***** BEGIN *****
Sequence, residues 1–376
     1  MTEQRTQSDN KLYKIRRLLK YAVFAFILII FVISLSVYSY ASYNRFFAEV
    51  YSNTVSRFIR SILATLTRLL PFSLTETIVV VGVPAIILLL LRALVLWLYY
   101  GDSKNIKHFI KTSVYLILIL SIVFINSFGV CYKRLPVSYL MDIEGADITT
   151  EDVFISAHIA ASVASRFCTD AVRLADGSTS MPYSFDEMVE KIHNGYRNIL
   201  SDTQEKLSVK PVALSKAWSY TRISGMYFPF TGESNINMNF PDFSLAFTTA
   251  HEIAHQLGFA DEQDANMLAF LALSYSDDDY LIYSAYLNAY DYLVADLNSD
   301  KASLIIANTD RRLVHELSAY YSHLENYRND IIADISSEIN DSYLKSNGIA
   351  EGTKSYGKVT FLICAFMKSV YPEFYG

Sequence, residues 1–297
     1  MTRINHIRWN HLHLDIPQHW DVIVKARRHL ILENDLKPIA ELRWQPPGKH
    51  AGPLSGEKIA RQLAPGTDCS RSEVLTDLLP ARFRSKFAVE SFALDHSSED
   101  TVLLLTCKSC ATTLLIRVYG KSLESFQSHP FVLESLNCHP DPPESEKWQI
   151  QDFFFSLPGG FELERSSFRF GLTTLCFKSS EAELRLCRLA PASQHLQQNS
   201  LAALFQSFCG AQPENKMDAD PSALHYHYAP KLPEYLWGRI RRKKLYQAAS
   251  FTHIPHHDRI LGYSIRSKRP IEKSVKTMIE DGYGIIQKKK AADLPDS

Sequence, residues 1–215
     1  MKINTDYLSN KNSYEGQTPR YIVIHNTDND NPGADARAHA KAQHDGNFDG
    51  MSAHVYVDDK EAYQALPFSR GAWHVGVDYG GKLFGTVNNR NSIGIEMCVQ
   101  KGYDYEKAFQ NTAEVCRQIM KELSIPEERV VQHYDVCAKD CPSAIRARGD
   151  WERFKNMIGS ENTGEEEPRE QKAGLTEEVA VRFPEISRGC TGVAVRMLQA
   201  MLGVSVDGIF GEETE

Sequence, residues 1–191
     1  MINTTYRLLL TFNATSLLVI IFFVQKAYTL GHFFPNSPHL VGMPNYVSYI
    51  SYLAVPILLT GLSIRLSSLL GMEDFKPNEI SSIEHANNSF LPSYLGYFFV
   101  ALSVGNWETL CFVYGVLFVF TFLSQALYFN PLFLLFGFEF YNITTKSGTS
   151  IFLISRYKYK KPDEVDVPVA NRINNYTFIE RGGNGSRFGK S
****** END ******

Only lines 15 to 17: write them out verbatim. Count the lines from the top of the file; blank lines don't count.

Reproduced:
   201  LAALFQSFCG AQPENKMDAD PSALHYHYAP KLPEYLWGRI RRKKLYQAAS
   251  FTHIPHHDRI LGYSIRSKRP IEKSVKTMIE DGYGIIQKKK AADLPDS

Sequence, residues 1–215